Anna Tsing’s Friction is an original, highly readable, and insightful study of out of their “friction/’ to paradoxical “global understandings,” or universalisms. But in. Anna L. Tsing Friction An Ethnography of Global Connection Ch 1: Frontiers of Capitalism Capitalist frontiers create “wilderness” These landscapes already. Anna Lowenhaupt Tsing. · Rating details · ratings · 35 reviews. A wheel turns because of its encounter with the surface of the road; spinning in the air it.

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Tsing recounts a story about a lone-prospector who finds gold where nobody expects it, sparking all kinds of speculative adventure. It reminds me of the last time I was in Taiwan visiting Academia Sinica. In fact, it seems to me, she pushes out of that vacuum—she exposes exactly the complexity that anthropologists and others continue to claim when faced with simplistic notions of the practices of globalization.

At the end of the cold war, many client states of both the Soviet Union and the United States collapsed.

Friction: An Ethnography of Global Connection – Anna Lowenhaupt Tsing – Google Books

So for instance we get Tsing writing. The book focuses on the topic of marginality within a state and the context of community within a gendered framework. I was, in a moment of mad inspiration, moved to comment. Their models breed other models which take account for the problems in the previous models.

Friction: An Ethnography of Global Connection

I can hang with this mostly since she is talking about what I want to hear: After that maybe we will have to build a new theory, or maybe just tweak the old one…. Things are contextually more particular than signs and potentially more general… Things are thus related to their signs as empirical tokens to cultural types.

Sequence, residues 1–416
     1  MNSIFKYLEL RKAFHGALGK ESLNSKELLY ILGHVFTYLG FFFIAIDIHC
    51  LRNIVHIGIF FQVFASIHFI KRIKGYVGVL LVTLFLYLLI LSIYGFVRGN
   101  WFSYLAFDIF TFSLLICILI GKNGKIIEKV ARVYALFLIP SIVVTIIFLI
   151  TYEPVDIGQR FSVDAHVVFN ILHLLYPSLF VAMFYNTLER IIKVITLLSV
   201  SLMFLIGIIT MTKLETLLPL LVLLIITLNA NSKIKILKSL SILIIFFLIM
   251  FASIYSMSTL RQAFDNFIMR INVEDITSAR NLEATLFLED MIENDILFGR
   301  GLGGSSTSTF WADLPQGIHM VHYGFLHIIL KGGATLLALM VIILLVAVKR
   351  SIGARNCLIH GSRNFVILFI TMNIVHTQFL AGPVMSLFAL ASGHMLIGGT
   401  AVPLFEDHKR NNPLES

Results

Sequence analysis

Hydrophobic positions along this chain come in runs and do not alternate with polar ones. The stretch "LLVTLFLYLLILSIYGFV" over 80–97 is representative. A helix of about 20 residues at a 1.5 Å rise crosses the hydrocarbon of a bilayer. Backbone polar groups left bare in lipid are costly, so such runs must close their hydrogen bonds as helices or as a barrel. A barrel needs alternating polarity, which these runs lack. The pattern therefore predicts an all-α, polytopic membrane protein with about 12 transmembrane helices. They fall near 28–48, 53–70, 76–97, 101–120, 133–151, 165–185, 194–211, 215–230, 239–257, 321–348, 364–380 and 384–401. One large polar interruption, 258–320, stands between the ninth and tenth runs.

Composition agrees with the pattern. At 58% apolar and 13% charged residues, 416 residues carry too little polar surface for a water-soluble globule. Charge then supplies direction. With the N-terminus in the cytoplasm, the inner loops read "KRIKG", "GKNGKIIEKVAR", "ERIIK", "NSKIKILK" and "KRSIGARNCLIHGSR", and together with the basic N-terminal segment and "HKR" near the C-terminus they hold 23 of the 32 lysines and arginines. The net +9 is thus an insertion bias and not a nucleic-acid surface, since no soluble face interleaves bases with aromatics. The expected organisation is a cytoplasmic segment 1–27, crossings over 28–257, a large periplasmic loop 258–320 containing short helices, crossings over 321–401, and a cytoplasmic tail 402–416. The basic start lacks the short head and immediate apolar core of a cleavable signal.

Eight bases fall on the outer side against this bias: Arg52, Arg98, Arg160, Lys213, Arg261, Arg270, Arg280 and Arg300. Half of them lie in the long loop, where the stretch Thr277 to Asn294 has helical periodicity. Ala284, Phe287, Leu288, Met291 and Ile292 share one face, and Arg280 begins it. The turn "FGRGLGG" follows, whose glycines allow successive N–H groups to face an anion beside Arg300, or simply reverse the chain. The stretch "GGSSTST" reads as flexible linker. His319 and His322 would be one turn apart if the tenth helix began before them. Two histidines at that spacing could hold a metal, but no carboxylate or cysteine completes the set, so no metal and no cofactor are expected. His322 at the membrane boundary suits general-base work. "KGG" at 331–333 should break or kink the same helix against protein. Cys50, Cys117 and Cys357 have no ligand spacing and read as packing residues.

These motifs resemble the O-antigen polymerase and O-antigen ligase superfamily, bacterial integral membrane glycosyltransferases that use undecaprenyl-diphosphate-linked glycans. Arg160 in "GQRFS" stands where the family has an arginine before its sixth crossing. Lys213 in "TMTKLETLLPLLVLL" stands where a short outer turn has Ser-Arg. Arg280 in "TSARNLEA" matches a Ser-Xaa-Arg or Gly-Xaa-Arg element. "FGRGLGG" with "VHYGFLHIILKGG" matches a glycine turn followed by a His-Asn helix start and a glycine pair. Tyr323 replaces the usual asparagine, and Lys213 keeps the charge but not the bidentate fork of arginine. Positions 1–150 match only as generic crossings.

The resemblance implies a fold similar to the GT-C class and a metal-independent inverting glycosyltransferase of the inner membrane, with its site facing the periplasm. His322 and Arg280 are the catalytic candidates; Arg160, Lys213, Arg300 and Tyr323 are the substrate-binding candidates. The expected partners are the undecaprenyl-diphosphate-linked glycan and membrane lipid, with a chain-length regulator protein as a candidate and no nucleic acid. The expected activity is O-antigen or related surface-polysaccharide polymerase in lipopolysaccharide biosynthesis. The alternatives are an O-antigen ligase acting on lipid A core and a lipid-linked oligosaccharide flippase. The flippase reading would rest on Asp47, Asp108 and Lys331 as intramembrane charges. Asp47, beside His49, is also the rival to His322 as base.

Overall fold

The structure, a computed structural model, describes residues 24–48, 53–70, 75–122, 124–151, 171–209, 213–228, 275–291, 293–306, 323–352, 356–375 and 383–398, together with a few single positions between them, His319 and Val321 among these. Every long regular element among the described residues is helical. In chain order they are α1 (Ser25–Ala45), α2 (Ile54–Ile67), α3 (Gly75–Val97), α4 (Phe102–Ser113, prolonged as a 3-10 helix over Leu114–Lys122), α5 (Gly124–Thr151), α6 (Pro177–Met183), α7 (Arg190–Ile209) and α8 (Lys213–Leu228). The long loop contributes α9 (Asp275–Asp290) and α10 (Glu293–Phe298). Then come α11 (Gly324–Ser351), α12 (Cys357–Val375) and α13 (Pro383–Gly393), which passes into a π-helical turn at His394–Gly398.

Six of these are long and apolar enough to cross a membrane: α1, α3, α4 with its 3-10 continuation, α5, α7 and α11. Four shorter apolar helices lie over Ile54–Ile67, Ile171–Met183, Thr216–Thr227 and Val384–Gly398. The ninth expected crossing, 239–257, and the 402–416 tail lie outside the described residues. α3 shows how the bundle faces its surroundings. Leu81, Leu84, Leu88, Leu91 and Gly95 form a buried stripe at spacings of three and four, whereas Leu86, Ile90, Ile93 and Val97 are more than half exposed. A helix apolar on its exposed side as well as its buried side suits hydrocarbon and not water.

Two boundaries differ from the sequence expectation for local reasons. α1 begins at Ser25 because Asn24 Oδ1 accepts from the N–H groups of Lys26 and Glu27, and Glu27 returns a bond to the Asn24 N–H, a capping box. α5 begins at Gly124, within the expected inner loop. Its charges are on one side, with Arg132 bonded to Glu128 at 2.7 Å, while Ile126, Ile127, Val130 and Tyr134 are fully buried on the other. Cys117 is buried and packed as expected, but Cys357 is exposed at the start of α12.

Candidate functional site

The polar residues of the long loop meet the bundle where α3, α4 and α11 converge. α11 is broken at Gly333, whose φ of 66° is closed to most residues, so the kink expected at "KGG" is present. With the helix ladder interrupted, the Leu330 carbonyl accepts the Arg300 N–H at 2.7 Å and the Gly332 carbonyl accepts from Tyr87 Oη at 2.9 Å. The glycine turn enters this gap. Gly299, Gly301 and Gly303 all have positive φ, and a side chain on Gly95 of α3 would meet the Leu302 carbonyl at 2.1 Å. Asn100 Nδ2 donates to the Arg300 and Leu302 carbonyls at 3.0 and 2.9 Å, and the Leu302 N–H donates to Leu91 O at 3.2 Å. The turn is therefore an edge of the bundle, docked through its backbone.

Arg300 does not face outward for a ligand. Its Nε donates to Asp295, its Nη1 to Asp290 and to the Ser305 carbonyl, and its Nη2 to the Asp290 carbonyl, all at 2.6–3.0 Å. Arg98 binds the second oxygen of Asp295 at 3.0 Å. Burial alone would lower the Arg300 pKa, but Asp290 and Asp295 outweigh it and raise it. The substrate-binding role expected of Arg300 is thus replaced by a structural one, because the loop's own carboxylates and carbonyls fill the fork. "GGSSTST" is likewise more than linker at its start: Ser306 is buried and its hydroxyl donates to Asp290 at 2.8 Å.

The flip side of not being able to go into the field theory-free is not being able to have theories without worldly encounters. So, those of you who know more about Indonesia than I, Is she leaving important ideas out of the picture? I really liked her in these sections. This strikes me as evasive, deflective, and unprepared for how the desperate needs of whiteness will devour her book for its own needs.


Universals are effective within particular historical conjunctures that give them content and force. Incidently, one slightly annoying thing about the exposition in the beginning, is that idea that the things Tsing describes as fiction are in any way surprising—they would seem to be what any at least semi attentive anthropologist would expect.

It is both effective and affective, at least in certain situations. One has to make decisions among which such whole-mimicking fragments can enable practices of collaborative knowing and working. Mushroom at the End of the World Tsing’s ethnographic account of the Matsutake mushroom gives the readers a look into this rare, prized and expensive fungi.

Friction: An Ethnography of Global Connection by Anna Lowenhaupt Tsing